McMorris Rodgers Introduces 2 Bills to Aid Down Syndrome Research

Jul 29, 2011

Washington, D.C.– Rep. Cathy McMorris Rodgers (R-WA), Co-Chair of the Congressional Down Syndrome Caucus, introduced two pieces of legislation today to take Down syndrome research to the next level: The Trisomy 21 Research Resource Act of 2011 and the Trisomy 21 Centers of Excellence Act of 2011.  Despite the prevalence of Down syndrome, research for a treatment and cure has lagged behind other medical conditions.  These bills would ensure that Down syndrome research remains on par with the research infrastructure of other diseases.

“As the mom of a child with Down syndrome, I am forever grateful to the people in the disabilities community that welcomed my family with open arms,” said Rep. McMorris Rodgers.  “Through them, I’ve learned about the potential of Down syndrome research – and not just for those who have Down syndrome, but also for those who have other conditions, as well.  Our bill will increase the amount of Down syndrome research and the quality of that research.  And by taking that research to the next level, we may generate breakthroughs for those who suffer from Alzheimer’s, autism, and other neurological disorders.”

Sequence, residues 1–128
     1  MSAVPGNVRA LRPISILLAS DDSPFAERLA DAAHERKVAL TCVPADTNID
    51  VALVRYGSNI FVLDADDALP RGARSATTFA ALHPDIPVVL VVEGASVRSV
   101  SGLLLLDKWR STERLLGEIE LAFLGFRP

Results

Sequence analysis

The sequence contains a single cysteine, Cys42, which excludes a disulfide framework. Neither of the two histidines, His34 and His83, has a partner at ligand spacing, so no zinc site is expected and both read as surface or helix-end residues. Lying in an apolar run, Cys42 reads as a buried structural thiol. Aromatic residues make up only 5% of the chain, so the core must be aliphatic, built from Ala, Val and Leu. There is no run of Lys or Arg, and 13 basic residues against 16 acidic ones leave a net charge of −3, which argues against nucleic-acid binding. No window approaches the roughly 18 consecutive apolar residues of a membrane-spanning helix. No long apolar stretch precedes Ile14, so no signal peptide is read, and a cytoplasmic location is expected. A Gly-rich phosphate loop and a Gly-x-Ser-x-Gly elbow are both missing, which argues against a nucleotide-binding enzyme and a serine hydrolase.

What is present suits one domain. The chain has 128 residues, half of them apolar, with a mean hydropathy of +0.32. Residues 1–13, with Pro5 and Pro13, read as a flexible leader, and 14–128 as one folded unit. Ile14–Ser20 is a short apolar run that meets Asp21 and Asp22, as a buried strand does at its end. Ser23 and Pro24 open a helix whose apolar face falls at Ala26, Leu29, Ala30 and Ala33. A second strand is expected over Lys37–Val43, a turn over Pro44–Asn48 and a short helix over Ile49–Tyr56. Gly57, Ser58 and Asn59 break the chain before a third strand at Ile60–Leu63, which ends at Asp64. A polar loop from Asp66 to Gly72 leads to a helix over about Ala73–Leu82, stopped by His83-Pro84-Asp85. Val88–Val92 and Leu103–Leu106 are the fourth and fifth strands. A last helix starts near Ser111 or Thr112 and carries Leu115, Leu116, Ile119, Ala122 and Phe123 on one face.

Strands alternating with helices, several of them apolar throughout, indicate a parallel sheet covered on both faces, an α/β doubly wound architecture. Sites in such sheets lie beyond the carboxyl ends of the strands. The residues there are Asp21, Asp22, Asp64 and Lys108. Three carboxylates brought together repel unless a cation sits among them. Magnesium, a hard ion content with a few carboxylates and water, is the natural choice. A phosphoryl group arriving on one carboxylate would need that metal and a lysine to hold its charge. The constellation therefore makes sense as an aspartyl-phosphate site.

Today, nearly 400,000 Americans live with Down syndrome.  In 2000, Congress passed the Children’s Health Act which, among other things, authorized research for a number of conditions including juvenile diabetes, Fragile X, asthma, epilepsy, autism, and traumatic brain injuries.  Down syndrome, however, was not included.

H.R. 2696, the Trisomy 21 Research Resource Act of 2011 authorizes current efforts already underway by national patient advocacy organizations, together with the National Institute of Child Health and Human Development, to establish three research databases that will provide the research community with access to information that has been otherwise hard to obtain.  The second bill, H.R. 2695, the Trisomy 21 Centers of Excellence Act of 2011, recognizes six centers of excellence around the nation that will be dedicated to conducting and coordinating translational research. 

Since individuals with Down syndrome are also afflicted with a number of other medical conditions, the enhanced research will not just benefit individuals with Down syndrome, but also millions of others who are afflicted with other conditions.

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